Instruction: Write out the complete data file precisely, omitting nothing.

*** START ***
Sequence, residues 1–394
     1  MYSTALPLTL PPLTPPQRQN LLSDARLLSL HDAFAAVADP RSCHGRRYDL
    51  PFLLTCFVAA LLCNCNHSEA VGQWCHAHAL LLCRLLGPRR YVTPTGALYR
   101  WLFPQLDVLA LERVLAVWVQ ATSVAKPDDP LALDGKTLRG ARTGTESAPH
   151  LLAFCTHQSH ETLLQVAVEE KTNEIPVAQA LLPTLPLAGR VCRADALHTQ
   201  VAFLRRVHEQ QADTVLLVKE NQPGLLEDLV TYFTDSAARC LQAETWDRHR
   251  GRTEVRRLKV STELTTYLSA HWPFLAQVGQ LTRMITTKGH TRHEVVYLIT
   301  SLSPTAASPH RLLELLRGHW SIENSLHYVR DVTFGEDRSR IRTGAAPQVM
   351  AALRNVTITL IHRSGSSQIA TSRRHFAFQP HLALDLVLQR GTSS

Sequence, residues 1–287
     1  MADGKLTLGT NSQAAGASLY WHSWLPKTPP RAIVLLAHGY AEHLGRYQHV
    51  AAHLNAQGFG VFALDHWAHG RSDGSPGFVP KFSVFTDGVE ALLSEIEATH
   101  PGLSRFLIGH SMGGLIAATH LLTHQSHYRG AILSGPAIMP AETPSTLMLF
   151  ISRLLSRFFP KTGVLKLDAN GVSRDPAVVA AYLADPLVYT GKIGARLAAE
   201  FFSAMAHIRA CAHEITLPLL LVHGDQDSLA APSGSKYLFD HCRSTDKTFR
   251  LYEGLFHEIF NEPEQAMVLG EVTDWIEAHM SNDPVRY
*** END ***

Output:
Sequence, residues 1–394
     1  MYSTALPLTL PPLTPPQRQN LLSDARLLSL HDAFAAVADP RSCHGRRYDL
    51  PFLLTCFVAA LLCNCNHSEA VGQWCHAHAL LLCRLLGPRR YVTPTGALYR
   101  WLFPQLDVLA LERVLAVWVQ ATSVAKPDDP LALDGKTLRG ARTGTESAPH
   151  LLAFCTHQSH ETLLQVAVEE KTNEIPVAQA LLPTLPLAGR VCRADALHTQ
   201  VAFLRRVHEQ QADTVLLVKE NQPGLLEDLV TYFTDSAARC LQAETWDRHR
   251  GRTEVRRLKV STELTTYLSA HWPFLAQVGQ LTRMITTKGH TRHEVVYLIT
   301  SLSPTAASPH RLLELLRGHW SIENSLHYVR DVTFGEDRSR IRTGAAPQVM
   351  AALRNVTITL IHRSGSSQIA TSRRHFAFQP HLALDLVLQR GTSS

Sequence, residues 1–287
     1  MADGKLTLGT NSQAAGASLY WHSWLPKTPP RAIVLLAHGY AEHLGRYQHV
    51  AAHLNAQGFG VFALDHWAHG RSDGSPGFVP KFSVFTDGVE ALLSEIEATH
   101  PGLSRFLIGH SMGGLIAATH LLTHQSHYRG AILSGPAIMP AETPSTLMLF
   151  ISRLLSRFFP KTGVLKLDAN GVSRDPAVVA AYLADPLVYT GKIGARLAAE
   201  FFSAMAHIRA CAHEITLPLL LVHGDQDSLA APSGSKYLFD HCRSTDKTFR
   251  LYEGLFHEIF NEPEQAMVLG EVTDWIEAHM SNDPVRY